• Avoiding Nulls abstract class Option[T] {…} case class Some[T](t: T) extends Option[T] {…} case object None Child of all other types extends Option[Nothing] {…} 119 Friday, September 24, 2010 I am omitting MANY details. You canʼt instantiate Option, which is an abstraction for a container/collection with 0 or 1 item. If you have one, it is in a Some, which must be a class, since it has an instance field, the item. However, None, used when there are 0 items, can be a singleton object, because it has no state! Note that type parameter for the parent Option. In the type system, Nothing is a subclass of all other types, so it substitutes for instances of all other types. This combined with a proper called covariant subtyping means that you could write “val x: Option[String = None” it would type correctly, as None (and Option[Nothing]) is a subtype of Option[String].
  • Case Classes case class Some[T](t: T) Provides factory, pattern matching, equals, toString, 120 and other goodies. Friday, September 24, 2010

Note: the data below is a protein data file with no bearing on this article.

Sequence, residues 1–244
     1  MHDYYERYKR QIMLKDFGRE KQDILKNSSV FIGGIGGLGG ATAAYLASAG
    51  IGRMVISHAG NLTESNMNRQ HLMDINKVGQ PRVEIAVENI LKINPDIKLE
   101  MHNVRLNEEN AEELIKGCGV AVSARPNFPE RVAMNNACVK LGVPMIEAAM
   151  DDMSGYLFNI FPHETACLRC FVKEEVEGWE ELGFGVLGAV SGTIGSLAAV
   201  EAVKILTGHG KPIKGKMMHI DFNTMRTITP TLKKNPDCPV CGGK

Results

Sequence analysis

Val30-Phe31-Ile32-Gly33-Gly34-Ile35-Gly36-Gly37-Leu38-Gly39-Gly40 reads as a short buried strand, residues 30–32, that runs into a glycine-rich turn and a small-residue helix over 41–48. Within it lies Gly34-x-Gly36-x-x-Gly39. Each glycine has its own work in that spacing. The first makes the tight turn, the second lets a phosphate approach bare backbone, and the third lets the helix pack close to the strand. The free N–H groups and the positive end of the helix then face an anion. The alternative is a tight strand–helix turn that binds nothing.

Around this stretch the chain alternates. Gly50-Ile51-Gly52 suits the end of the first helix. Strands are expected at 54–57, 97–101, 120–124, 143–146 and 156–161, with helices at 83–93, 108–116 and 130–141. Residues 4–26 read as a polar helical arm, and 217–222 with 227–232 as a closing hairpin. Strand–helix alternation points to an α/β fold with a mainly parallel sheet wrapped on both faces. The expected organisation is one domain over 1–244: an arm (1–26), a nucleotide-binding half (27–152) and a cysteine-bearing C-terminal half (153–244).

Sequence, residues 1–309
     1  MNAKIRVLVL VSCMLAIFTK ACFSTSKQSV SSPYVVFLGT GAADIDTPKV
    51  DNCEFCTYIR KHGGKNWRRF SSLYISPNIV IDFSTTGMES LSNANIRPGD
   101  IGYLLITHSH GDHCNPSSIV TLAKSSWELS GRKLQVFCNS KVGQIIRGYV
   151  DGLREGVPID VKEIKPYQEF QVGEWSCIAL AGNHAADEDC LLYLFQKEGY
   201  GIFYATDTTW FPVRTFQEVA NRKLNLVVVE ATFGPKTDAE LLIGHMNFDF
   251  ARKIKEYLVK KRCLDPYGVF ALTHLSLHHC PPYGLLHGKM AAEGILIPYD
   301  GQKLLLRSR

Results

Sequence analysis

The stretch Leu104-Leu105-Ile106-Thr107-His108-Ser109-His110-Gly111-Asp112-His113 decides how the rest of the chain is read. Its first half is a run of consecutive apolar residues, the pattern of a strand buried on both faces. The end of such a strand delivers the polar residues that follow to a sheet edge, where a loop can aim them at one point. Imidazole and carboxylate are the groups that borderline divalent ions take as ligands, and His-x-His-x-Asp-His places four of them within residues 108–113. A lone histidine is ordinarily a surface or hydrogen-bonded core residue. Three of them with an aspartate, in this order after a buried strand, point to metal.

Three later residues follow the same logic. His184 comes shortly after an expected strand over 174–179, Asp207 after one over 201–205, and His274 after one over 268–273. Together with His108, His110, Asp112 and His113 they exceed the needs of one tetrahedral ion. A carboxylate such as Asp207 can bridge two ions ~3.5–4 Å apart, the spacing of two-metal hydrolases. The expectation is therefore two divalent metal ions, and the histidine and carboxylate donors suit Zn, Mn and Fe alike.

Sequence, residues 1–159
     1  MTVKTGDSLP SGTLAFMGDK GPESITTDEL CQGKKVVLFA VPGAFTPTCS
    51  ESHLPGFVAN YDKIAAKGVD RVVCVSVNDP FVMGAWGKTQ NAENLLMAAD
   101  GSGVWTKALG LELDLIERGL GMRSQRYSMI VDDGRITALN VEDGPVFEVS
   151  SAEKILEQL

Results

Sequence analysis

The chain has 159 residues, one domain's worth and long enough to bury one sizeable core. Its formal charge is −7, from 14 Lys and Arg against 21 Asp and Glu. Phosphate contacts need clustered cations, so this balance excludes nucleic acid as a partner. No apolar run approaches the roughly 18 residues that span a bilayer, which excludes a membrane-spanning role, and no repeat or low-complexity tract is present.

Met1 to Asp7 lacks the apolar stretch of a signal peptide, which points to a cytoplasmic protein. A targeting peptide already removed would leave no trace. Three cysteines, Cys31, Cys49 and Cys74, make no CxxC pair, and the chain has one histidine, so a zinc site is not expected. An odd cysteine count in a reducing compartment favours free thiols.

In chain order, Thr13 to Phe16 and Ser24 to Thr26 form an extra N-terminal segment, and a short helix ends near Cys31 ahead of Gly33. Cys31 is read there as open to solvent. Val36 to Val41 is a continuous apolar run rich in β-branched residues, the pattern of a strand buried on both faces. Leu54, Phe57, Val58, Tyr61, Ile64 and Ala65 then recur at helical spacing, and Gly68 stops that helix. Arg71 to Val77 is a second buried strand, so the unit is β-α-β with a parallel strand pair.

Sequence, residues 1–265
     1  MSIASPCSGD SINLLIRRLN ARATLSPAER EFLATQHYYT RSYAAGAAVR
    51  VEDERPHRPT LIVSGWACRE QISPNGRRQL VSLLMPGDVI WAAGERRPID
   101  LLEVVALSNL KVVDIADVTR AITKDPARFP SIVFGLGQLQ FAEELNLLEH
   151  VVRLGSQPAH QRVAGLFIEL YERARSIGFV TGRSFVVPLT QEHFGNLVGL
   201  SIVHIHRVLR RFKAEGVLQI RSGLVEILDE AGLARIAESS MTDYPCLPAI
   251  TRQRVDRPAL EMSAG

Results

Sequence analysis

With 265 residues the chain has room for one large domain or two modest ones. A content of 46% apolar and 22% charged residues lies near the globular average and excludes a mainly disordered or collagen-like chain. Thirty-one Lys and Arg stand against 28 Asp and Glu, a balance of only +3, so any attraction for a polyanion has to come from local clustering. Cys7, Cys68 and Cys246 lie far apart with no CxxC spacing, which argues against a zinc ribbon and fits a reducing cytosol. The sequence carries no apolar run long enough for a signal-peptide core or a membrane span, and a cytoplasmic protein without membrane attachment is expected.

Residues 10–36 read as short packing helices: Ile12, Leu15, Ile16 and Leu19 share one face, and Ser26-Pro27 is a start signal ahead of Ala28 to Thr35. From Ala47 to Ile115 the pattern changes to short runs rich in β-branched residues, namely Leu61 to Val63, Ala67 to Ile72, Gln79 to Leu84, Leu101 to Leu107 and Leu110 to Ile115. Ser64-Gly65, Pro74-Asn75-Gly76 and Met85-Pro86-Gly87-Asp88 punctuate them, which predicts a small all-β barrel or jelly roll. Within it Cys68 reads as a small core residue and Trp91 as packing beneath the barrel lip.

• class Map1[K, V] { def get(key: K): V = { return v; // if found return null; // if not found } } class Map2[K, V] { def get(key: K): Option[V] = { return Some(v); // if found return None; // if not found } } Which is the better API? 121 Friday, September 24, 2010 Returning Option tells the user that “there may not be a value” and forces proper handling, thereby drastically reducing sloppy code leading to NullPointerExceptions.
  • For “Comprehensions” val l = List( Some(“a”), None, Some(“b”), None, Some(“c”)) for (Some(s) <- l) yield s // List(a, b, c) Pattern match; only take elements of “l” No “if ” statement that are Somes. 122 Friday, September 24, 2010 Weʼre using the type system and pattern matching built into case classes to discriminate elements in the list. No conditional statements required. This is just the tip of the iceberg of what “for comprehensions” can do and not only with Options, but other containers, too.